Date Published: 11/09/2020 11:08
All this talk about how do we pay for Covid-19, but the issue of how do we pay for social care has not gone away, says Jillian Thomas.
So just how do we pay for social care? It is an issue that is close to my heart. I have an elderly mother who needs support. I too, like many of you I am sure, also think about how my own situation will be in the years ahead.
Latest figures show that 45 per cent of people in the UK cover the total cost of care homes, with another 12 per cent of people paying but having some ‘top up’ by local authorities. A care home can cost up to £1500 a week. How can we afford that as individuals and as a society as the population ages? And how can we afford to pay for social care for those who are able to stay at home?
By 2040 it is predicted there will be 10 million people over the age of 75, with one in five of us getting to 100. (The monarch will be busy signing all those birthday cards!)
A few weeks ago the press was full of stories saying over 40s will have to pay more tax or national insurance or be compelled to take out insurance. The idea, backed by Health Secretary Matt Hancock, is being examined by Boris Johnson’s new health and social care taskforce and the Department of Health and Social Care.
The proposals are similar to what already happens in Germany and Japan. In Germany everyone pays towards their care costs as soon as they start working, and pensioners contribute too. Currently 1.5 per cent of every person’s salary, and a further 1.5 per cent from their employer or pension funds, is ringfenced to pay for social care. In Japan everyone starts contributing from the age of 40.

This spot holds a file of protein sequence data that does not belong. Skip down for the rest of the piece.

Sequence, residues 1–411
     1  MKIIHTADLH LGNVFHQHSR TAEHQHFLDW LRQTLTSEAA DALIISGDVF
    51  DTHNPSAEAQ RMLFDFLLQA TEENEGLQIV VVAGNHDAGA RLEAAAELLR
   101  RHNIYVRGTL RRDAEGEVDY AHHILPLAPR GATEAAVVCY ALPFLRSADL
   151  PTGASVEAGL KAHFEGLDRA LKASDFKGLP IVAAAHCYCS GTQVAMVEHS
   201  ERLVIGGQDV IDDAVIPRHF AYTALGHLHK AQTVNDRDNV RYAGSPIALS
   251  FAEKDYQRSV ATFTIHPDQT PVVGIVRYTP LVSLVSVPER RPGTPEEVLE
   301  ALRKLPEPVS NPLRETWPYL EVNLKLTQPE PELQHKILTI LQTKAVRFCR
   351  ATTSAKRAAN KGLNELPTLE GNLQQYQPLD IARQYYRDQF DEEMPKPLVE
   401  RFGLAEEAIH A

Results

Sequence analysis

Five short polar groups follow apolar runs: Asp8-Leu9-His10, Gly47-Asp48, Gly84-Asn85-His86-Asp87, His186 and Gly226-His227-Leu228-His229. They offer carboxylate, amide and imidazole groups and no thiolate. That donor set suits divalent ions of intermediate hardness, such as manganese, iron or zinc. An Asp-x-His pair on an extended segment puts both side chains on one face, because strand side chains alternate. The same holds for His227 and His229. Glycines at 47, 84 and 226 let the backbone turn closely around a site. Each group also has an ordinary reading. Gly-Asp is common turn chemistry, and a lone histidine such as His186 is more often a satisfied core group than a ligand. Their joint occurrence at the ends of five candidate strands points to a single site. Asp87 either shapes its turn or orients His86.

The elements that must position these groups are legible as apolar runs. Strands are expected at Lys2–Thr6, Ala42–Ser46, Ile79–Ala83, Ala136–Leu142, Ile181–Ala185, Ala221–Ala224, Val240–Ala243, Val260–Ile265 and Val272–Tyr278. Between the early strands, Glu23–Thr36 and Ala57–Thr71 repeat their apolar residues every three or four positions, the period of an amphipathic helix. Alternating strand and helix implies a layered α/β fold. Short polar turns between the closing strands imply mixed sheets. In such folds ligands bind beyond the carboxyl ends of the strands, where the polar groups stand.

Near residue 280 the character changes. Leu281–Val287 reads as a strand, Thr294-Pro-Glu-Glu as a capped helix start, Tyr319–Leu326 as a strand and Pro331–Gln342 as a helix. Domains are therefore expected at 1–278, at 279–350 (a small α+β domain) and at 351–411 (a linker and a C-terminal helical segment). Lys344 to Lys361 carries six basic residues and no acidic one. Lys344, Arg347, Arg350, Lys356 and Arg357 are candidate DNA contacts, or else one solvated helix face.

Exactly how it could work here is being looked at. Would it be through payroll tax or insurance? Whichever way, experts say any insurance model would have to be compulsory to make sure people contribute.
In the mean time, as financial planners we know there are ways of helping with care costs and we can advise on various products, such as an Immediate Care Plan. But in terms of the overall cost to society what can we do? The Local Government Association estimates a £2.6 billion gap in funding for adult social care.
One thing is for sure, social care and care homes are never far from the headlines. Since the outbreak of Covid-19 care homes have very much been in the spotlight.
Introducing a comprehensive and reliable system like that in Germany and Japan would “arguably [be] an appropriate act of national atonement after the catastrophic loss of life we’ve seen in care homes during the pandemic”, says Caroline Abrahams from Age UK.
I just know that the system of funding social care and care homes needs an overhaul. After all, we all want to live as long as we can, and in the best way we can.
This article first appeared in UnLtd magazine.
Future Life Wealth
54 Ravenshorn Way,
Renishaw, Sheffield S21 3WY
+44 (0) 1246 435 996
Monday - Friday 8.30am - 5.00pm
Future Life Wealth Management Ltd is authorised and regulated by the Financial Conduct Authority
The Financial Conduct Authority does not regulate taxation & trust advice
We are entered on the The Financial Conduct Register No 509960 at www.fca.org.uk/register
The Financial Ombudsman service can be found at www.financial-ombudsman.org.uk
Registered in England No. 07036892 Reg. Address: Future House, 54 Ravenshorn Way, Renishaw, Sheffield S21 3WY
The guidance and/or advice contained within the website is subject to the UK regulatory regime and is therefore primarily targeted at customers in the UK.
The value of your investment can go down as well as up and you may not get back the full amount invested.
Your home is at risk if you do not keep up with your mortgage repayments.
Equity release is a lifetime mortgage or home reversion plan. To understand the features and risks please ask for a personalised illustration.
We do not offer advice in relation to home reversion plans.
The tax observations contained in this website are made in good faith and are based on our understanding of current Revenue and Customs regulations. We cannot accept any responsibility for any future regulation that may retrospectively happen.